Wednesday, June 4, 2008

Note-taking


Dead grass pricked through my clothing while ants and flies danced along my bare legs. Nope, birding isn't always pleasant, even short afternoon excursions around the neighborhood. I brushed the various life forms off my legs and looked up from my drawing pad - there was the Yellowthroat Creek. California Towhees chinked and shuffled around in the underbrush, a Green Heron sailed in for a landing on the creek's edge, and a pair of Bushtits busily foraged in a bush in front of me, twittering nonstop. Oh right - the Bushtits. I was supposed to be taking notes on them. I raised my binoculars and watched the male as he hung upside-down from a branch and probed in a dead cluster of leaves. I furiously scribbled down notes, trying to keep my eyes on the birds constantly. After several more minutes, both birds flew away, looking like little dust bunnies attempting to fly.

Scratch-scratch... scratch. No, that wasn't quite right; the head needed to be a bit smaller. Erase-erase. There, that's better. Within a couple minutes I had a rough sketch of a Bushtit. Most of my field notes are like that - rough and quick. I've found that the more I work on a field sketch, the more I screw it up. Field notes are, after all, not supposed to be great works of art, at least in my book. I take field notes to force myself to closely observe birds and learn more about them. Sure, Bushtits are common birds that I see every day, but the more I learn about them, the better. Unfortunately, I've slid out of the habit of regularly taking field notes, but hopefully I'll change that over the summer.

I did a quick pencil drawing of a female Great-tailed Grackle yesterday. I spent roughly twenty minutes on it; the first ten minutes I spent composing the picture and making a rough sketch (the frustrating part), and I spent the last ten minutes filling it in (the fun part). I do almost all of my artwork with a regular pencil; I have some grimy Crayola colored pencil stubs that are about as old as I am, but I never use them. Color always seems to ruin my artwork, so for now I'll stick with regular old pencils. I really should invest some money in a good watercolor set, but I am too miserly to do so.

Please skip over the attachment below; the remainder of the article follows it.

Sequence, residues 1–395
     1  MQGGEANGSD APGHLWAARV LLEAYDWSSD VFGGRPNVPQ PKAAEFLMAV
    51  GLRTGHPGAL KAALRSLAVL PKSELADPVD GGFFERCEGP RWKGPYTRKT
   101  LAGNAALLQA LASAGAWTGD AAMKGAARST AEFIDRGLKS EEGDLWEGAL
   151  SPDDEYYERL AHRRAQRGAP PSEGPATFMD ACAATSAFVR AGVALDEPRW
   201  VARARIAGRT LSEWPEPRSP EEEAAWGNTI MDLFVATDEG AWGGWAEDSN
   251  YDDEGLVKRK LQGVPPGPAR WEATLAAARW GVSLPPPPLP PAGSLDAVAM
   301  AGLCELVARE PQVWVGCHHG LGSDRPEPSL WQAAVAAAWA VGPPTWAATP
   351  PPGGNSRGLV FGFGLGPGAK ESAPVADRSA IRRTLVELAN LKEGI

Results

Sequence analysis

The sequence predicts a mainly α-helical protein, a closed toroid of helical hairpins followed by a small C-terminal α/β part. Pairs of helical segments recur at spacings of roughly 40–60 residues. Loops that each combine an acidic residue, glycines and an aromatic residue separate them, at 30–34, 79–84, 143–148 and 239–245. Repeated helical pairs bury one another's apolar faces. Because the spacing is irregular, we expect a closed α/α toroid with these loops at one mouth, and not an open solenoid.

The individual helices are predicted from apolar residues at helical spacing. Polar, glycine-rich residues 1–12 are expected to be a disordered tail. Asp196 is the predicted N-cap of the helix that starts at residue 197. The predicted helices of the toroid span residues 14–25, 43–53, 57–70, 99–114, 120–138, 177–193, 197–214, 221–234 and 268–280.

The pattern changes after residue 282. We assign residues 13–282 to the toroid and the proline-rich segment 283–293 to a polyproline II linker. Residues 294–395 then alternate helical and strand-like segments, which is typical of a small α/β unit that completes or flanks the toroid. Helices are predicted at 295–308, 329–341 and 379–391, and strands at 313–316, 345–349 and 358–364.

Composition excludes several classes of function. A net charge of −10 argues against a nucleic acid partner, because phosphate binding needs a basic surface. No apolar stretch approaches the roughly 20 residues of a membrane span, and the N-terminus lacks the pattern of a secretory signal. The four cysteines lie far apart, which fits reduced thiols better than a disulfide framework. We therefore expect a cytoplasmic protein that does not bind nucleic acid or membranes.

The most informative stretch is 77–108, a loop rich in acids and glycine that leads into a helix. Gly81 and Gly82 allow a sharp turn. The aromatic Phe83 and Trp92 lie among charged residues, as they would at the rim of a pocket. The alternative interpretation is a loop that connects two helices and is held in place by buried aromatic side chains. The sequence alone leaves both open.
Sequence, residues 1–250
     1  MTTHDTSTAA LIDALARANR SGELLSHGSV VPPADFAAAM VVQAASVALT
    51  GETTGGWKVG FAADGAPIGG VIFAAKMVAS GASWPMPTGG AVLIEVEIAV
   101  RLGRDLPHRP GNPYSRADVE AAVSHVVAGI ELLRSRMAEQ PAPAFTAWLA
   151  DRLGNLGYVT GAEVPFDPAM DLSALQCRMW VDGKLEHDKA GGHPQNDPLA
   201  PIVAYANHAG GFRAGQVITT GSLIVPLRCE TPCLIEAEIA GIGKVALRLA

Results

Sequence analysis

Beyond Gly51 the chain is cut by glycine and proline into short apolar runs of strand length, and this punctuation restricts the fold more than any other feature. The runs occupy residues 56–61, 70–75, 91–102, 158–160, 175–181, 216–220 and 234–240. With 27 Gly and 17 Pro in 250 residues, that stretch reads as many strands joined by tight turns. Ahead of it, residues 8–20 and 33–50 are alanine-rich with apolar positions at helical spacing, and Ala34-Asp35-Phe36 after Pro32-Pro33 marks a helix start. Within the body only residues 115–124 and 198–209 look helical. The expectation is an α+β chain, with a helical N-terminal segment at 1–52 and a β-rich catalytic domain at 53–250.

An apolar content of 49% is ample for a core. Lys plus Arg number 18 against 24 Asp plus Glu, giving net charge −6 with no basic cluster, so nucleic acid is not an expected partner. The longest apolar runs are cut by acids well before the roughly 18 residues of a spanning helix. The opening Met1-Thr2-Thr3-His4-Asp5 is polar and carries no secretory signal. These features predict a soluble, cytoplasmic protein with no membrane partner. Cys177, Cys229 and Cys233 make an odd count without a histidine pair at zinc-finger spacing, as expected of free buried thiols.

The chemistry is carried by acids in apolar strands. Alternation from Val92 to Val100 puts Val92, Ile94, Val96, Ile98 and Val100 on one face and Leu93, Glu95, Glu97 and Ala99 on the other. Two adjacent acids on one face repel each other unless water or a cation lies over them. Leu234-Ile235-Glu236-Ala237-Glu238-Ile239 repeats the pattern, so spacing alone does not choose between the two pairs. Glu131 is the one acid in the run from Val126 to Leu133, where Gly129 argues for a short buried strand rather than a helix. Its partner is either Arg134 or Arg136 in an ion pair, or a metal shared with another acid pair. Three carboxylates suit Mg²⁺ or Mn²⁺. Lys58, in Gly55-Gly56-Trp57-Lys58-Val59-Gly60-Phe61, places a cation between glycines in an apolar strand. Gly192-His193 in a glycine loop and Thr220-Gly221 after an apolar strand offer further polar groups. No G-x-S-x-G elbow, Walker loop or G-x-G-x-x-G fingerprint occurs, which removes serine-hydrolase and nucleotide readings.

3 comments:

Parus said...

Cool.
Drawing and sketching was something I was never really good at. I'm too much of a nit picker for detail.
Photography was easier and produced much more detail without the hours and hours of work.
I've never really been a great note taker either. It's easier to just memorize the bird and what it does. I'm not the best at photo quizzes because half of IDing the bird is habitat and habits.

Allen Chartier said...

I think you'd enjoy using acrylic paints. It allows you to put white on top of black, in essence, to erase. I started with watercolor but found them difficult to control. I also used magic markers for a while (there are fine-pointed sets with dozens of colors). I tried oil a couple times. What a mess!

Linda Jones said...

Hello ! I would love to know where you located the owls at Irvine Regional Pk. I enjoy your blog! I am a photographer who frequents the SJponds and Back Bay. Heres a few photo albums of the wildlife I shoot in OC. Any questions please ask! [scroll down to albums]
Linda
http://netgarden.smugmug.com/